AllianzGI Equity & Convertible Income Fund (NIE: $25, up 3%, yield = 6.0%) 


This is an excellent choice for those of you that want less volatility in your portfolio. That’s because it typically places 20% to 60% of the portfolio in income-producing convertible securities. At the end of July 61% of the fund’s asset were in common stocks, 34% in converts with a weighted average maturity of about 4.5 years, and the remaining is in cash.


The equities are some of the biggest and best companies – Apple, Amazon, Microsoft, Alphabet, and Facebook. These top five stocks have weights in their portfolio ranging from 2.3% to 3.5%. Then the portfolio managers further enhance income by writing call options on stocks in the equity portion of the portfolio. They don’t borrow money, either. The company (Target Price: $26) offers a 6.0% yield. This is a nice 570 basis point spread over the 5-year Treasury plus you get upside potential from the equity exposure.



Annaly Capital Management (NLY: $7.46, up 2%, yield = 11.8%) 


This REIT mostly invests in Mortgage-Backed Securities (MBS). For those of you not looking for a lot of credit risk, 93% of its portfolio is invested in Agency MBS, which are packaged residential mortgages that are guaranteed by Fannie Mae, Freddie Mac or Ginnie Mae.


The risk comes in Annaly’s use of leverage. Specifically, it borrows short-term funds to buy these longer-term securities. This means the spread between short-term and long-term Treasury yields is important. With long-term rates rising, this is good for Annaly. The 2/10 spread sits at 60 basis points, 15 basis points wider than at the start of August, and 33 bp lower than the long term average.


Book value was $8.39 as of June 30 so the stock presents a real bargain. Recently Annaly Capital Management (Target Price: $9) cut the dividend from $0.25 to $0.22. At the new level, this is a still attractive 11.8% yield. And we fully expect them to raise the dividend back to the 25 cent level in 2021.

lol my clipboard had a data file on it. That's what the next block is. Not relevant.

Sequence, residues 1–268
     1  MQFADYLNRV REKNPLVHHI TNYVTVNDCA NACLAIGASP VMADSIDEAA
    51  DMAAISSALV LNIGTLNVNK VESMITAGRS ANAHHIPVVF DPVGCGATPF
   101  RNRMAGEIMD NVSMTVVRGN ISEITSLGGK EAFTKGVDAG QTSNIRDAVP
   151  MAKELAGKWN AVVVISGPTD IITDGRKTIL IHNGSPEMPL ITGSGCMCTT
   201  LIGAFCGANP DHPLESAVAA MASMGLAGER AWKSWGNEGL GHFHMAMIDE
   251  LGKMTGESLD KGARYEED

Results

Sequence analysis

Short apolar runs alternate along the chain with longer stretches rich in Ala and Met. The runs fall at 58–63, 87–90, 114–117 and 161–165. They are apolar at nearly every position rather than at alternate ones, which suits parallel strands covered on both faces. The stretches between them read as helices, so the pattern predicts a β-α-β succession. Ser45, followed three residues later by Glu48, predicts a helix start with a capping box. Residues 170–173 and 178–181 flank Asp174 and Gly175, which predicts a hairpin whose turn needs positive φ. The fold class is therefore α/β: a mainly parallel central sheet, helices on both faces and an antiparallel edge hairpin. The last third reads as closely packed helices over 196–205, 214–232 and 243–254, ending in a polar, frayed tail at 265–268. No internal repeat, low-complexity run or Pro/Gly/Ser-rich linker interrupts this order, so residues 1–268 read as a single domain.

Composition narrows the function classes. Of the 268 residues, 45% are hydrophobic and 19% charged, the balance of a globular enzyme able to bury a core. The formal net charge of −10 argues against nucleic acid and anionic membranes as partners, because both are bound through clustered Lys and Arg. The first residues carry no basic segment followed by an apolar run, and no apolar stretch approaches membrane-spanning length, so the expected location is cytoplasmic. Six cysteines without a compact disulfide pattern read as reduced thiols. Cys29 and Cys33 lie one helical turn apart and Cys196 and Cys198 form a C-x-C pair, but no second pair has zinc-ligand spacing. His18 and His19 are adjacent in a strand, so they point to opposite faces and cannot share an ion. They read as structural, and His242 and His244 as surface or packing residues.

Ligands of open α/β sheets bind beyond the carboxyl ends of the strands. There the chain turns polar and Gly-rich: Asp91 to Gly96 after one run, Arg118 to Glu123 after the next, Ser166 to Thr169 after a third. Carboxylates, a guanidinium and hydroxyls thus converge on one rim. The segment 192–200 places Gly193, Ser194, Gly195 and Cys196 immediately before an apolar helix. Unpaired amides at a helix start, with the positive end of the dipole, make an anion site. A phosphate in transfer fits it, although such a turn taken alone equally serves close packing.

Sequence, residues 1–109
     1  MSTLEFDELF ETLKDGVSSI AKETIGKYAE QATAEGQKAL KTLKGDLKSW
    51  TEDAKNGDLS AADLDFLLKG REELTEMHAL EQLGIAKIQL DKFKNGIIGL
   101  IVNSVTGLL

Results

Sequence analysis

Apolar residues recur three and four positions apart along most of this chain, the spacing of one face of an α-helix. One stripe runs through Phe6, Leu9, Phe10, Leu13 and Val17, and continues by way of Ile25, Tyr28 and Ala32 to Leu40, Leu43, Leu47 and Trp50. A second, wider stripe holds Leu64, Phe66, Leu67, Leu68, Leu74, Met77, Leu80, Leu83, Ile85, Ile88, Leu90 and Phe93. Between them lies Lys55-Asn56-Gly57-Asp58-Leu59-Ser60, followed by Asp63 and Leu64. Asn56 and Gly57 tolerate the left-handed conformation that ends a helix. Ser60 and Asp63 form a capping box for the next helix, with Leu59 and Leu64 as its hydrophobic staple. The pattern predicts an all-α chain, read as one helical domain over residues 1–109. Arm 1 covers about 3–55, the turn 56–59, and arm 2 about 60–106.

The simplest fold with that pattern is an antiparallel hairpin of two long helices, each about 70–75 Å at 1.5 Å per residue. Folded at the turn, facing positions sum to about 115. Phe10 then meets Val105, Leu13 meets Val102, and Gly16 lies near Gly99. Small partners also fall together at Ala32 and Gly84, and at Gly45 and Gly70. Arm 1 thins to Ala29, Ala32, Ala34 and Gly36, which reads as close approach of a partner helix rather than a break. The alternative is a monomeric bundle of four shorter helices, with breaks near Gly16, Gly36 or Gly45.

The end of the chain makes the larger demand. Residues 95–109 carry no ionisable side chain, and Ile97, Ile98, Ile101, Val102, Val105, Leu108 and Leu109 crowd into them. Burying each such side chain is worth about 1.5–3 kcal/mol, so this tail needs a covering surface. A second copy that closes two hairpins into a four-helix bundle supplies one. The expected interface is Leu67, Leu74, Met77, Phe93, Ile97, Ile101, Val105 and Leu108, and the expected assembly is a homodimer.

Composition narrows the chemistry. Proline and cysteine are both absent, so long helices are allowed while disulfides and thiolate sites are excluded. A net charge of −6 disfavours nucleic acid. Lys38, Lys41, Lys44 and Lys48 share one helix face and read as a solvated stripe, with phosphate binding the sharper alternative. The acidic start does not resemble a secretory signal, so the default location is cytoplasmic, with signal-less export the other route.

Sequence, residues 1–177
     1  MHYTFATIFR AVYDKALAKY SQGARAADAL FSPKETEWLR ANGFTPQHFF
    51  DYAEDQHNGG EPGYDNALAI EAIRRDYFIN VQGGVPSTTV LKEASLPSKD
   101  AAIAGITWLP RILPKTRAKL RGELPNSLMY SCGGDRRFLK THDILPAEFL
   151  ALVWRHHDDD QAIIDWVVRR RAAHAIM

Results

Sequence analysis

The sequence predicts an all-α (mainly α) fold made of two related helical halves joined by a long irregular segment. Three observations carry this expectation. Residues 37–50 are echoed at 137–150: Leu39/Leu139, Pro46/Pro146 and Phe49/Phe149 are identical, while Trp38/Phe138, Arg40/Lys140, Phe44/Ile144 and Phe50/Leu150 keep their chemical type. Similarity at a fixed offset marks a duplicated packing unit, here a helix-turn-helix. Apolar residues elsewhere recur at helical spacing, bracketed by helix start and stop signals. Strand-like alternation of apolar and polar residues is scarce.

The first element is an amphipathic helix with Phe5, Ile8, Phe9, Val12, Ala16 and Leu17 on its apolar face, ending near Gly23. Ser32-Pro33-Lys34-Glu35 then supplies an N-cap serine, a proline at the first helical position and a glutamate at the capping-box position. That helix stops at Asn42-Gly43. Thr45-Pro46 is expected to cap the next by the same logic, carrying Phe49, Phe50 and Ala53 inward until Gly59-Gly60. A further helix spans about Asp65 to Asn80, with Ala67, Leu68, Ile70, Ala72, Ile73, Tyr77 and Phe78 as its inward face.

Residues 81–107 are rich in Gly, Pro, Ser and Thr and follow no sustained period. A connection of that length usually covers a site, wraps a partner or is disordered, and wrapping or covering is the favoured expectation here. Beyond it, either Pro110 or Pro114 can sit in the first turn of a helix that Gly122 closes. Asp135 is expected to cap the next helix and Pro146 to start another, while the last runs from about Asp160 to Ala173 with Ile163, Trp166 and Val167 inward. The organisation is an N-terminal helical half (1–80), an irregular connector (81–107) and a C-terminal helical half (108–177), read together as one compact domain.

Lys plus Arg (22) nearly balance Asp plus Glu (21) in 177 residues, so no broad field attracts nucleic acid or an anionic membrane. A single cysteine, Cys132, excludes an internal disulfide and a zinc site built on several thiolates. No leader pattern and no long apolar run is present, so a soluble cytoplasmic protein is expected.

Apollo Commercial Real Estate Finance (ARI: $9.28, up 4%, yield = 15.1%) 


This is a REIT that originates and invests in debt markets, such as Commercial First Lien Mortgages, Subordinate Loans, and other Commercial Real Estate debt. More than half of its $6.4 billion loan portfolio, 52%, is invested in mortgages backing Office and Hotel properties. Other major categories include Urban Retail (10%) and Healthcare (6%). New York City is the largest geographic area of investment, at 37% of its portfolio, followed by the U.K.’s 19%. Based on management’s risk assessment, 93% of the loan value is rated 3, the middle category. There is 6% in the riskiest category, which is a 5 rating, down from 8% in 1Q20. There is less than 1% of the portfolio in the 2 and 4 categories.


The company has been affected by the pandemic and recession. 2Q20 revenue fell to $70 million from $85 million and income was essentially flat at $60 million. Apollo Commercial Real Estate Finance (Target Price: $10) has cut the dividend twice this year. The latest move was in July when it reduced the payout by a nickel to $0.35. At this reduced rate, it still offers a hefty 15.1% yield, a return that compensates for the economic risk.



Good Investing,
Todd Shaver, Founder and CEO
The Bull Market Report
Since 1998